Tati literally throws every creative visual conception he has at the screen here, orchestrating an extended scene of sidesplitting frivolity that will have you gasping for air in-between your perpetual roars of laughter. Glass doors are smashed, causing doormen to simply stand and move the knob out of the way for arriving guests. Drunken louts find themselves trying to map their route home using the swirls and veins of the marble walls. And the Nation’s recognition for being the home of haute cuisine is reduced to a shadow of its former self thanks to a fish that is continually seasoned at various intervals and then reserved to different guests.
Tati doesn’t just allow the audience to see what is happening though; he is keen for them to hear it as well. Playtime, as with all of his films, is a treat for both the eyes and the ears. Audible cues are used to instigate jokes, as well as complement and complete them. Glasses smash, plates crash, people shout in anger and scream with joy, and all the while the band continue to play as if this is all decidedly normal.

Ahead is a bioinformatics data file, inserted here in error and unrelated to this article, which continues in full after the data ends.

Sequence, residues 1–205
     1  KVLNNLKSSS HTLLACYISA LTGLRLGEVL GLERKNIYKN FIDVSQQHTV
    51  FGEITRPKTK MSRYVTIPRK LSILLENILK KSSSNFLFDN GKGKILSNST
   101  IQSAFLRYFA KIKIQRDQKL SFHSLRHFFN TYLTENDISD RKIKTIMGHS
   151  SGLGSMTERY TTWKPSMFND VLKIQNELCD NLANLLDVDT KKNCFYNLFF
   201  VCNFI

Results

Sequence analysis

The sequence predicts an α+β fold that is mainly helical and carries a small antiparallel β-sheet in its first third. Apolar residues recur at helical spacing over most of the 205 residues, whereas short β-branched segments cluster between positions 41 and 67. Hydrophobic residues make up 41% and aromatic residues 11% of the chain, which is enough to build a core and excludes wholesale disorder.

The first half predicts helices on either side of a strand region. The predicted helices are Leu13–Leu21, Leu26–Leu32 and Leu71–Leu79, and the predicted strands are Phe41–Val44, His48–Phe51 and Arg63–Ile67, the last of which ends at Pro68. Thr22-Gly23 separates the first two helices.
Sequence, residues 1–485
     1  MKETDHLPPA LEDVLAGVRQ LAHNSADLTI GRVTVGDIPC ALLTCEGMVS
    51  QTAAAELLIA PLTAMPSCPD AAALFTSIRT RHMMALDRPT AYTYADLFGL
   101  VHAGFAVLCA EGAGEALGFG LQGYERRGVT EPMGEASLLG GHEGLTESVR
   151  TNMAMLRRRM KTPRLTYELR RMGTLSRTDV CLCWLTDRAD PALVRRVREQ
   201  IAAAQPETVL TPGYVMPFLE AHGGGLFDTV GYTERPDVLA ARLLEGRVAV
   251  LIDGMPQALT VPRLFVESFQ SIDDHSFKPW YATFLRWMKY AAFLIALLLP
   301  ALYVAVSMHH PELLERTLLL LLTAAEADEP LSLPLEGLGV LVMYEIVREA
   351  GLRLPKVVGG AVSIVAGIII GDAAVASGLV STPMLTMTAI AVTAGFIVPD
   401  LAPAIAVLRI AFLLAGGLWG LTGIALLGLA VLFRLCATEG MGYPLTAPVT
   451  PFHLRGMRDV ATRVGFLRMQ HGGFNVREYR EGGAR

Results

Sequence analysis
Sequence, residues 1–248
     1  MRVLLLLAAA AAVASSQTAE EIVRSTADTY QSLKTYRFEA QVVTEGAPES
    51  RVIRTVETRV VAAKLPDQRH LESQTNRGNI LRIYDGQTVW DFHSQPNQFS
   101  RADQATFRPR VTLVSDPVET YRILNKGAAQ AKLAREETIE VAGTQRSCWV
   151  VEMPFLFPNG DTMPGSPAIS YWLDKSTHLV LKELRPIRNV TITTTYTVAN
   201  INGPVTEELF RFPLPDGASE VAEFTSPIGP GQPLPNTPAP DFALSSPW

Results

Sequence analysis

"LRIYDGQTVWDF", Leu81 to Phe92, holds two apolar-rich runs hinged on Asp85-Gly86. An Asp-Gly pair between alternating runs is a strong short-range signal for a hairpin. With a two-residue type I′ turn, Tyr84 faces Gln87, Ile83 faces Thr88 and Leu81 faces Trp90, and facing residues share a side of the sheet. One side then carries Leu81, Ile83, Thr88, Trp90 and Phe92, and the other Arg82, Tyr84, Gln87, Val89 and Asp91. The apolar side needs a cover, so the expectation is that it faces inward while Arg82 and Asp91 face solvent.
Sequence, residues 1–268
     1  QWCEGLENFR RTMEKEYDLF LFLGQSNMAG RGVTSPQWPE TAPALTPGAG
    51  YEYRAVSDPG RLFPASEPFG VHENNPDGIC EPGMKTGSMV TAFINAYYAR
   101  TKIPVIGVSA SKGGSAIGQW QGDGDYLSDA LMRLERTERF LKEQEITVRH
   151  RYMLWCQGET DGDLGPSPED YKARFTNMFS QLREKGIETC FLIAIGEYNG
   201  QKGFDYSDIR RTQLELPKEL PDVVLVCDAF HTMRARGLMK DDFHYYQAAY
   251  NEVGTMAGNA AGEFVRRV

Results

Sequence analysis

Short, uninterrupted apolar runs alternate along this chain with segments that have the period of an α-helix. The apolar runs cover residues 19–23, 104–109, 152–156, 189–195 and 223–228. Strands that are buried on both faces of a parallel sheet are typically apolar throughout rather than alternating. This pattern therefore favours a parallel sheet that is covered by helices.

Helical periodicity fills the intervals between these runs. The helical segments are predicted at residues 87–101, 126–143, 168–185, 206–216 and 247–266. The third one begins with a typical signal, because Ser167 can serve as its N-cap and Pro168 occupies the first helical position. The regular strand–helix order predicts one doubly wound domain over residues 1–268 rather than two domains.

As the film ends, almost as suddenly as it begins, the joy that pulses within you is indescribable. Tati was a director who didn’t want to tell stories; he simply wanted to show life. What he brings us to realise is that there really is so much comedy and absurdity to be found in something we all generally take so seriously. No other director has been able to do that quite like Jacques Tati. It’s what made him brilliant, unique, par excellence.
Playtime is running as part of an extended run of Jacques Tati’s works, which is continuing at the at BFI Southbank until Nov. 20th. Full details can be found here.